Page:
by Lionel Birnie
So that’s it then, the transfer window has slammed shut. It always slams shut, no one ever thinks to just pull it to quietly.
A day of manufactured lunacy failed to match the preposterous heights we’ve seen previously and a look around social media this evening shows there are quite a few Watford supporters out there who are unhappy with the lack of activity on the final day.
Perception is everything. Had Watford signed Adam Masina, Ken Sema, Marc Navarro, Ben Wilmot, Ben Foster and Gerard Deulofeu over the course of the past week instead of earlier in the summer, the impression would have been of a dynamic club making strident, decisive moves to secure their targets in the nick of time, perhaps getting one ‘over the line’ at the last minute to reinforce the idea that the people doing the business had their sleeves rolled up and a bead of sweat on their brows.
The fact they had identified their targets and completed their deals before the World Cup was over is now being interpreted as some kind of failure. It doesn’t help, of course, that Watford have been linked with a dozen players in the past 48 hours lending the situation a sense of desperation that probably wasn’t there, although the rumour that West Brom's Jake Livermore was a target made me fear that someone at Vicarage Road had spent too long exposed to the blazing sunshine earlier this week and was suffering from some kind of heat-related bewilderment. (I gather Livermore was never a target, though). And so, the only arrival on the final day was a teenager from West Ham.
Of course it’s perfectly acceptable to be disappointed with the fact that the two weakest areas of the team – at the heart of defence and up front – have not been strengthened but the conclusion that Watford now face an inevitable battle against relegation does not necessarily tally. Of course, we might be in for a difficult season but history tells us that every Premier League season will be a challenge for a club of Watford’s size.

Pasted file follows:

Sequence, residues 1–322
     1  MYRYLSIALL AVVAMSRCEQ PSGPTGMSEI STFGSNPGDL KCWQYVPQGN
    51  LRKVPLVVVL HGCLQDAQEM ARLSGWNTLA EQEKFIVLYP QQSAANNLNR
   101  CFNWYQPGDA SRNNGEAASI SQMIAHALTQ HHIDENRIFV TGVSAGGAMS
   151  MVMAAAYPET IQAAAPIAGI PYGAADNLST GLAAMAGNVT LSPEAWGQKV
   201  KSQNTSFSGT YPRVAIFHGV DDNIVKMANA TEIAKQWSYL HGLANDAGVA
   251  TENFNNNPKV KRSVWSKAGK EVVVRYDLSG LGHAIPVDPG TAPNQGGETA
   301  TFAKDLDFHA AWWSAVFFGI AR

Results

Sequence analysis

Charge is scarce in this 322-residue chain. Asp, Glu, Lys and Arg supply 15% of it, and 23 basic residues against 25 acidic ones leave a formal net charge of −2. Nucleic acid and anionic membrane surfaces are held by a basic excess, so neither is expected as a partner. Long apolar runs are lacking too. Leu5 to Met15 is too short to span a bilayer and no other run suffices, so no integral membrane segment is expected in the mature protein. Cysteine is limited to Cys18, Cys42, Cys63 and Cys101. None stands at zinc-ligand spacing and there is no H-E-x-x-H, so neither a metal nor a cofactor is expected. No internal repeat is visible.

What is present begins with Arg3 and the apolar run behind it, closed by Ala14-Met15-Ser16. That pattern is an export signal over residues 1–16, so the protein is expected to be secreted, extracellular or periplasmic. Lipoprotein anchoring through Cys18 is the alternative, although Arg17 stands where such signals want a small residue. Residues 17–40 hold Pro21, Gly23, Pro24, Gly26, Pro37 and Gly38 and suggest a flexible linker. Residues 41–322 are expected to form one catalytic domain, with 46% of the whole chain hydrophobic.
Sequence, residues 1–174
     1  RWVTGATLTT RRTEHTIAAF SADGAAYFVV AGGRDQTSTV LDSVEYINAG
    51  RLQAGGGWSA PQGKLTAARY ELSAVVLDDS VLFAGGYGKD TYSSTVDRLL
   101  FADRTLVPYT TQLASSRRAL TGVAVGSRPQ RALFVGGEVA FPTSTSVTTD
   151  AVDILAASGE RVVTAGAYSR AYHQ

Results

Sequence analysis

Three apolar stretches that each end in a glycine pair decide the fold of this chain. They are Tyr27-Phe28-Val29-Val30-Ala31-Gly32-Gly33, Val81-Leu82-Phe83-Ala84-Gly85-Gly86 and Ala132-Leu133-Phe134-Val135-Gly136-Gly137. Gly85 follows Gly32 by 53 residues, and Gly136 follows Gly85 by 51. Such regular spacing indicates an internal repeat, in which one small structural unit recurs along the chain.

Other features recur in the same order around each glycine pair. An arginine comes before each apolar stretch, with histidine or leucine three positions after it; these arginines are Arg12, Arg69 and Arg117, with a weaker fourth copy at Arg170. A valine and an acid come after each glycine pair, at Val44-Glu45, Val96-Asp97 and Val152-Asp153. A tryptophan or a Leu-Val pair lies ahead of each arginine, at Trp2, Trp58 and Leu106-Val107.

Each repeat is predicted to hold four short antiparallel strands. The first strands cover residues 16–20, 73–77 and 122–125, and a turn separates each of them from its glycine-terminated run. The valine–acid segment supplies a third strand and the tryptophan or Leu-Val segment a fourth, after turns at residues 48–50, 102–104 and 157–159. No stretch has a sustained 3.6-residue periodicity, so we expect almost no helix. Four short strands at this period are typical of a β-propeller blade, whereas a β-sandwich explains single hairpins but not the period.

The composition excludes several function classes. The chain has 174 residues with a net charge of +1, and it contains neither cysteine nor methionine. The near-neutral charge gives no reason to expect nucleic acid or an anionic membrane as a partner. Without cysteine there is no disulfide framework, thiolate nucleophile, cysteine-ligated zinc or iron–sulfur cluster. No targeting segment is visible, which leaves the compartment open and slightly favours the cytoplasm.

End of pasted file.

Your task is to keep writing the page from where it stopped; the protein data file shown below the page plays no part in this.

Nevertheless it’s been a funny summer. The sale of Richarlison for a gazilion pounds – each shot into the side-netting between November and May seemingly adding a million to the price – perhaps gave us the false impression that there was cash to burn.
Rumours that a striker from Barcelona, or perhaps one from Paris St Germain, were on their way fuelled the expectations and so it is barely surprising that when we look at the attacking options now and see that Troy Deeney, Andre Gray, Isaac Success and Stefano Okaka managed 11 goals between them last season we feel deflated. There’s nothing quite like the thought of seeing a new man up front on the first day of the season to stoke the enthusiasm. Familiarity breeds contempt, as they say, and we know all too well what Deeney, Gray and Okaka in particular offer. What we lack, on the eve of the season, is the excitement of the unknown, the thrill of watching a forward player get the ball and not knowing what his default moves are.
However, I just can’t bring myself to join in with the chorus of dissent. Perhaps it’s because I’m getting old, and perhaps it’s because I know that being annoyed about the club’s transfer policy – something we have no control over and probably only a sketchy understanding of – is a waste of energy. As I scrolled through Twitter just now a smile crossed my face at the thought of Javi Gracia or Scott Duxbury doing the same on their sofas this evening. 'Dammit, @GoldenBoy28 has got a point! We should have bought a striker!' [@GoldenBoy28 is an invention of mine so if you are @GoldenBoy28, I mean no offence].